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Efficacy of nature-based therapy for individuals with stress-related illnesses: randomised controlled trial

  • Ulrika Karlsson Stigsdotter (a1), Sus Sola Corazon (a1), Ulrik Sidenius (a1), Patrik Karlsson Nyed (a1), Helmer Bøving Larsen (a2) and Lone Overby Fjorback (a3)...
Abstract
Background

Stress-related illnesses are a major threat to public health, and there is increasing demand for validated treatments.

Aims

To test the efficacy of nature-based therapy (NBT) for patients with stress-related illnesses.

Method

Randomised controlled trial (ClinicalTrials.gov ID NCT01849718) comparing Nacadia® NBT (NNBT) with the cognitive–behavioural therapy known as Specialised Treatment for Severe Bodily Distress Syndromes (STreSS). In total, 84 participants were randomly allocated to one of the two treatments. The primary outcome measure was the mean aggregate score on the Psychological General Well-Being Index (PGWBI).

Results

Both treatments resulted in a significant increase in the PGWBI (primary outcome) and a decrease in burnout (the Shirom–Melamed Burnout Questionnaire, secondary outcome), which were both sustained 12 months later. No significant difference in efficacy was found between NNBT and STreSS for primary outcome and secondary outcomes.

Conclusions

The study showed no statistical evidence of a difference between NNBT and STreSS for treating patients with stress-related illnesses.

Declaration of interest

None.

Copyright
Corresponding author
Correspondence: Sus Sola Corazon, Rolighedsvej 23, 1959 Frederiksberg C, Denmark. Email: suoe@ign.ku.dk
Footnotes
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See editorial, pp. 396–397, this issue.

Footnotes
References
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Efficacy of nature-based therapy for individuals with stress-related illnesses: randomised controlled trial

  • Ulrika Karlsson Stigsdotter (a1), Sus Sola Corazon (a1), Ulrik Sidenius (a1), Patrik Karlsson Nyed (a1), Helmer Bøving Larsen (a2) and Lone Overby Fjorback (a3)...
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eLetters

Environmental preference might mediate the benefits of nature-based therapies

Jacob King, Research Associate, Centre for Urban Design and Mental Health
15 August 2018

The benefits of psychotherapies are highly variable between patients, perhaps most notably due to personality types, cultural background and one’s conception of mental ill health, among others (Petronzi & Masciale, 2015). Case in point, many patients consider group psychotherapy unacceptable and others do not consider psychotherapy credible at all. Similar variations are surely also implicated in nature-based psychotherapies (NBTs).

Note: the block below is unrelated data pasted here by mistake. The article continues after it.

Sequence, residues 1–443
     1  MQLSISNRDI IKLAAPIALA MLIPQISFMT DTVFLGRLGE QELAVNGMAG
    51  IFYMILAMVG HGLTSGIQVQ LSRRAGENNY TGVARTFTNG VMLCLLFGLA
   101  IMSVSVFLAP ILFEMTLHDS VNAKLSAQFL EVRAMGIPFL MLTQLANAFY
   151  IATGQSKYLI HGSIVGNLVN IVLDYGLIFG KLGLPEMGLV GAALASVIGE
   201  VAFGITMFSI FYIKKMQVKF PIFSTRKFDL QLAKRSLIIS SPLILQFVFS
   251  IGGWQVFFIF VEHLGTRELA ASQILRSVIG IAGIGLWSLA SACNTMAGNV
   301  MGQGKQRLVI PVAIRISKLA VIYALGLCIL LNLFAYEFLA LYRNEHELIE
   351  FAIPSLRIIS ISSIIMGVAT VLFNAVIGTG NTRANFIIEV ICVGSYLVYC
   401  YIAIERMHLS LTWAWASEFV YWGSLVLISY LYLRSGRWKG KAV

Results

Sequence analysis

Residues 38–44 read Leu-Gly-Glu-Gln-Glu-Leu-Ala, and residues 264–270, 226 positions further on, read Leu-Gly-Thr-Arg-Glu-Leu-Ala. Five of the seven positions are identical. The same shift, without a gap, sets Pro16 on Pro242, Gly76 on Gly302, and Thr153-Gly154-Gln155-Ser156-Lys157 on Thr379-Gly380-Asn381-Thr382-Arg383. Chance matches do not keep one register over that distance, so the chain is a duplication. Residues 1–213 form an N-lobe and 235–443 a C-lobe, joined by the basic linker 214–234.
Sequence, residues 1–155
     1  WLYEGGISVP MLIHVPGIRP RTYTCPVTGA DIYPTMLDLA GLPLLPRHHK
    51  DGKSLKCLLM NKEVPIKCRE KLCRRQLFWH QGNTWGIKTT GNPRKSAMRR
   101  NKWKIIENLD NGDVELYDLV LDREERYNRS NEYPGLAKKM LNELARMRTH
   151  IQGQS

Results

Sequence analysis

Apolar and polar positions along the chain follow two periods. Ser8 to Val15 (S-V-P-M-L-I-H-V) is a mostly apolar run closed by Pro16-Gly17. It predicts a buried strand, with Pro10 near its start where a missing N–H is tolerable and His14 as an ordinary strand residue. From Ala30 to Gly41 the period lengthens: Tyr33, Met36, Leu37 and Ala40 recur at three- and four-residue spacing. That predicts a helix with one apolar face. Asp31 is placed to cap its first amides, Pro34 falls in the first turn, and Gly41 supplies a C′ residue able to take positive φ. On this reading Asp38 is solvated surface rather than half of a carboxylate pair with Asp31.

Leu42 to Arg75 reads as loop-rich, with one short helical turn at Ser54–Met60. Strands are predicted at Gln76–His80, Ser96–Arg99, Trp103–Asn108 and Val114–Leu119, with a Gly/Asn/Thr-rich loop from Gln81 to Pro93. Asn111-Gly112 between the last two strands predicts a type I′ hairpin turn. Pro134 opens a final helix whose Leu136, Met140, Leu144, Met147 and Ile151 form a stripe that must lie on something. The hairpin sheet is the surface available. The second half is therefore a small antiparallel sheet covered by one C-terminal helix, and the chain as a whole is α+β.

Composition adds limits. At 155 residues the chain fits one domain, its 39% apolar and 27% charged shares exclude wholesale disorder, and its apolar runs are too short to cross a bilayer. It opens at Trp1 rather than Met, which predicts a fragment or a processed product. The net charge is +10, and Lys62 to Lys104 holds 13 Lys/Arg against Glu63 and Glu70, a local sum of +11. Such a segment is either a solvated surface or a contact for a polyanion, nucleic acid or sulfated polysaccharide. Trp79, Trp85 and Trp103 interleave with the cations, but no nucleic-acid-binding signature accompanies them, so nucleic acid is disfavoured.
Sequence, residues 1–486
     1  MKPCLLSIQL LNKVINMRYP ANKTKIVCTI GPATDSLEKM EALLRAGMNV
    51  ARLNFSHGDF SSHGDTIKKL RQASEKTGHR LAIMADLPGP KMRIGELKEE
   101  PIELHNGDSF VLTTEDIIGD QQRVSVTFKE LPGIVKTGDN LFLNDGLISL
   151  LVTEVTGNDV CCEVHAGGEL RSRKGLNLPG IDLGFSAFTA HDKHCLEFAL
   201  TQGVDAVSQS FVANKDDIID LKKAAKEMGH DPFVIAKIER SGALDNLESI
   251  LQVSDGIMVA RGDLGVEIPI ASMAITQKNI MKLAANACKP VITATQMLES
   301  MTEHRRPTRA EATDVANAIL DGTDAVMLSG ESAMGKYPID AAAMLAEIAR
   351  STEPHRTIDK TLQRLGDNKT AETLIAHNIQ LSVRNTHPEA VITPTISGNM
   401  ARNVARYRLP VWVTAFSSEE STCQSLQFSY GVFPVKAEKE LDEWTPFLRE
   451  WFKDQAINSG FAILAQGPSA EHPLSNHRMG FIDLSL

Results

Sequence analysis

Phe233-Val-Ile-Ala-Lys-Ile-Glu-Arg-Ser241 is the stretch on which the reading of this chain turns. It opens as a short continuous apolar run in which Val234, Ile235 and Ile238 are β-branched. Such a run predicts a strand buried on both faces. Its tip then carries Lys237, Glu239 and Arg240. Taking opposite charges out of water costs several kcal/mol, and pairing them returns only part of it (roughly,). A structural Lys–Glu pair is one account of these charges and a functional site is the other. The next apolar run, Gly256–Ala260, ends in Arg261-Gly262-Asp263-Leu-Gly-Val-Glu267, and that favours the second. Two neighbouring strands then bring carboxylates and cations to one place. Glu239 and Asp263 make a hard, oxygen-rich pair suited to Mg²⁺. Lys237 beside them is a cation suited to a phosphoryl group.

For example, in the first instance, evidence over recent years has increasingly pointed to a benefit to mental health outcomes, from exposure to and use of natural environments, commonly conceived in the literature as ‘urban green spaces’. The causal mechanisms are complex, but usually distilled to; improved exercise and socialisation opportunities, reduced exposure to air and noise pollution, and importantly for NBTs, psychological stress-reduction and attention restoration (Markevych et al., 2017). As well as being evidenced, it is easy to anecdotally see how these non-psychotherapeutic components of NBT – the simple exposure and interaction with one’s natural environment - are mediated culturally, and also by personality and personal environmental preferences inter alia. Between cultures, for example, there is dramatic variation in perceptions of natural environments and understandings of appropriate uses of these spaces (Buijs, Elands, & Langers, 2009). These variations are likely to modulate the causal mechanisms of the green space / mental health benefit.

Secondly, it is reasonable to suggest that these variations in the perceptions of natural environments affect the acceptability, credibility and therefore adherence and completion rates of NBTs. Until now the evidence for green space benefit to mental health outcomes has come largely from observational studies, which demonstrated varied effect sizes, and suggested differences due to quality of environments, perceived safety concerns, among other individual personality and community factors (Gascon et al., 2015).

Stigsdotter and colleagues’ most recent report therefore, which demonstrates non-inferiority of one particular brand of NBT for stress-related mental illnesses compared to a more mainstream CBT, is to be welcomed (Stigsdotter et al., 2018).

While of course randomisation of patients is an essential facet in the production of reliable and valid science, this may have masked a sub-population with complementary personalities and cultural characteristics (etc.) for nature-based psychotherapies. And as authors allude, given equal study withdrawal rates after randomisation, there may well be an equal sub-population with preference of office-based CBT, (perhaps for perceived credibility reasons). The non-inferiority demonstrated in this trial therefore gives us the option that those patients who may be open, and keen on the idea of NBTs may be at greater benefit, may be more adherent, more likely to complete the intervention, and independently receive greater benefit through the causal mechanisms described above. Nature-based therapies therefore might now be considered another option (rather than any kind of replacement) in the tool kit of primary care or mental health services towards addressing the high burden of stress morbidity, especially for those expressing a preference for it.

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Conflict of interest: None declared

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